The Department Of Justice (DOJ) announced a new initiative to combat hate crimes in the Western District of New York. This district includes Buffalo, NY, where a white gunman shot and killed 10 people at a supermarket in a predominantly Black neighborhood earlier this year. The shooter was charged with federal hate crimes and was accused of carrying out a racially motivated attack.
Assistant Attorney General Kristen Clarke of the Justice Department’s Civil Rights Division and the U.S. Attorney for the Western District of New York, Trini E. Ross, announced The United Against Hate initiative on September 29. It aims to connect federal, state and local law enforcement with marginalized communities in an effort to foster trust, strengthen coordination and encourage people to report hate crimes.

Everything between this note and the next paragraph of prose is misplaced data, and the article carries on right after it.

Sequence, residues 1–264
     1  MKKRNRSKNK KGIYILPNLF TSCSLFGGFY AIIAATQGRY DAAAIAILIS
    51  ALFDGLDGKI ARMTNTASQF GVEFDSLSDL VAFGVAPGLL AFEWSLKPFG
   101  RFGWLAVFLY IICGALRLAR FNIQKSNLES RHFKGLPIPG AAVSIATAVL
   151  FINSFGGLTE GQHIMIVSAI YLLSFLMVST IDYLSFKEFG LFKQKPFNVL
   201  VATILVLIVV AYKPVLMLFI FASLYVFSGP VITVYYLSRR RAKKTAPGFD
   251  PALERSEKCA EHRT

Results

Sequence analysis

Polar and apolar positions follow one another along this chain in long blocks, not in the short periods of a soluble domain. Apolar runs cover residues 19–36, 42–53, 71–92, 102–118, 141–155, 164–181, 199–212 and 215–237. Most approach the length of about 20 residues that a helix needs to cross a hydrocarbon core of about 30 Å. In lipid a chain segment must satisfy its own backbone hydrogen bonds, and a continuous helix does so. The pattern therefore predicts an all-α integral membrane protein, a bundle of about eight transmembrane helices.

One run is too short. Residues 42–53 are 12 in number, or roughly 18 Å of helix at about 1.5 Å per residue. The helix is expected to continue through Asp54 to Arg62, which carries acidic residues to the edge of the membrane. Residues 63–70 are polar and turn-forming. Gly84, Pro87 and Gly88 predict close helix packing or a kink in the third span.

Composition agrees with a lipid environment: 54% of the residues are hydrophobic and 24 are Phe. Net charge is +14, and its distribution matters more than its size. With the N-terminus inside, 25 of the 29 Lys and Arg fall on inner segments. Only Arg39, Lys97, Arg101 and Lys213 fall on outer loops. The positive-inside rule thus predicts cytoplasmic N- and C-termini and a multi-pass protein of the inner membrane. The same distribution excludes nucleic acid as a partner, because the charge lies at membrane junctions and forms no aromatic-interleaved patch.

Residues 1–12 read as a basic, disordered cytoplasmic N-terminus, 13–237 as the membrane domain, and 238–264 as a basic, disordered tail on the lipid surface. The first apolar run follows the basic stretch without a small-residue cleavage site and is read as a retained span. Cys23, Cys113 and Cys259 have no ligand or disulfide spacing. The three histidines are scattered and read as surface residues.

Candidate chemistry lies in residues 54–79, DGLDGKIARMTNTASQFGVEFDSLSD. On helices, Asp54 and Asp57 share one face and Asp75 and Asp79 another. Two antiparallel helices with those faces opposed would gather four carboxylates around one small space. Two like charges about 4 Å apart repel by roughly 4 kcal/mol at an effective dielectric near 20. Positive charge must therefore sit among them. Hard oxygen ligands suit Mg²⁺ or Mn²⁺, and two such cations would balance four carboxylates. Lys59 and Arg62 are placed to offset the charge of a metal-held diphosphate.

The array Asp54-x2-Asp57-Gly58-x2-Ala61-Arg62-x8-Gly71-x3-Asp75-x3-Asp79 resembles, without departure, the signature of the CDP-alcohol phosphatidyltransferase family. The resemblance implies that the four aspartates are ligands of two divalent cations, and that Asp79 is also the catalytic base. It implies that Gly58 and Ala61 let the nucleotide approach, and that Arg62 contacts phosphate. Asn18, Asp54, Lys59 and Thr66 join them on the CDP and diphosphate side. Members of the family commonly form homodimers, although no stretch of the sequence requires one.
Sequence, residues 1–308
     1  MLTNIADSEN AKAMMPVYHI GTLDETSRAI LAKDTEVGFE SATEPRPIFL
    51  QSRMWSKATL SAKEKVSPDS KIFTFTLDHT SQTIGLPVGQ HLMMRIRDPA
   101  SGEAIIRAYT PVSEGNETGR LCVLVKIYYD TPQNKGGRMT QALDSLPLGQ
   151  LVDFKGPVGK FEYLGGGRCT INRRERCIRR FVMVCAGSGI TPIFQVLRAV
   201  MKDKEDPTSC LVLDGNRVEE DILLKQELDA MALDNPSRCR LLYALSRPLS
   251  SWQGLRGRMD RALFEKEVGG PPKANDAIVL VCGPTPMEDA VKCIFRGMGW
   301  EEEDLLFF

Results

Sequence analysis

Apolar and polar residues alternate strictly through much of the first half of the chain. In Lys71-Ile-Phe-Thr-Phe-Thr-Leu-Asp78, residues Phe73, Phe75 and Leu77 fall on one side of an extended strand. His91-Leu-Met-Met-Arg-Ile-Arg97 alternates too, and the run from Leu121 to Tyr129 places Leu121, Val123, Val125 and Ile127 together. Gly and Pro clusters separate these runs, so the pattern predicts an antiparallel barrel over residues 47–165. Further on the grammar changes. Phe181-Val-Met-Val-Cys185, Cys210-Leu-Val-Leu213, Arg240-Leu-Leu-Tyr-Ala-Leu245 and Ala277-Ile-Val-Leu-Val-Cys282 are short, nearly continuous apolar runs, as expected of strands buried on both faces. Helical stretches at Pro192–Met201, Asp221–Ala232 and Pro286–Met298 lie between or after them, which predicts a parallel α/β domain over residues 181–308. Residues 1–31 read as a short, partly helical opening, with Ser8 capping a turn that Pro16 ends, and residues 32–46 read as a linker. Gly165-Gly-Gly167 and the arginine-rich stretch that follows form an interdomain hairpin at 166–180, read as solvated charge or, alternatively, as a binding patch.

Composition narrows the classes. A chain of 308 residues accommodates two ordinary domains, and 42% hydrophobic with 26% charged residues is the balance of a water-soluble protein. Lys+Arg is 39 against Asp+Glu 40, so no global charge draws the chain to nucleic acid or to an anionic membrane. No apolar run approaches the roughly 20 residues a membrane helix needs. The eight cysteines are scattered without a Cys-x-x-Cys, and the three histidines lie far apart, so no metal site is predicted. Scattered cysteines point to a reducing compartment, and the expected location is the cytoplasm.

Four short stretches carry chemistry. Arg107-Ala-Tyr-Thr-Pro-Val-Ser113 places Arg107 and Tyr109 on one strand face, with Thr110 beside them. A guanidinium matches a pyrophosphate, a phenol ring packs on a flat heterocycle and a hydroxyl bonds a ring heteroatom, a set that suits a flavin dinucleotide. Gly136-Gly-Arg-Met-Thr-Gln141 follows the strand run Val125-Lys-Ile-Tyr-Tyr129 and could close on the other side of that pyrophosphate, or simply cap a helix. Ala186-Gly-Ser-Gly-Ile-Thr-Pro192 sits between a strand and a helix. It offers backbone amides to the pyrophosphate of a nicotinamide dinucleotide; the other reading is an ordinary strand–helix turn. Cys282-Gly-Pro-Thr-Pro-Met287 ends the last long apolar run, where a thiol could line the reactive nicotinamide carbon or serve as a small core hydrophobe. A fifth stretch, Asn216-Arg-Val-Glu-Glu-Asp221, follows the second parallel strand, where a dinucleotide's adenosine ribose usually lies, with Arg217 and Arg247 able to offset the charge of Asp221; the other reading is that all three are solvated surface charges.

“The horrific events of May 14 took the lives of 10 members of our community because of their race, just because they were Black. This type of race-based hate is unacceptable and will not be tolerated in this community or in our society,” Ross said in a statement from the DOJ.
The launch of the Western District of New York program is part of a broader effort by the DOJ as The United Against Hate initiative will be implemented in all 94 U.S. attorneys’ offices nationwide.
According to the department, it covers topics like “defining hate crimes versus hate incidents; emphasizes the importance of reporting unlawful acts of hatred; providing options for responding to hate incidents when situations do not constitute a federal or state crime; and distinguishing unlawful conduct from protected First Amendment activity.”
“The stronger the ties between communities and law enforcement, the more faith that communities will have that their allegations will be investigated and taken seriously,” Clarke said in a statement.
The DOJ says three offices piloted the program last spring, and 16 programs will be launched this fall. The United Against Hate initiative will be implemented in all offices next year.
“Our communities, schools, workplaces, houses of worship and homes are all safer when we stand unified in the fight against hate,” said Clarke.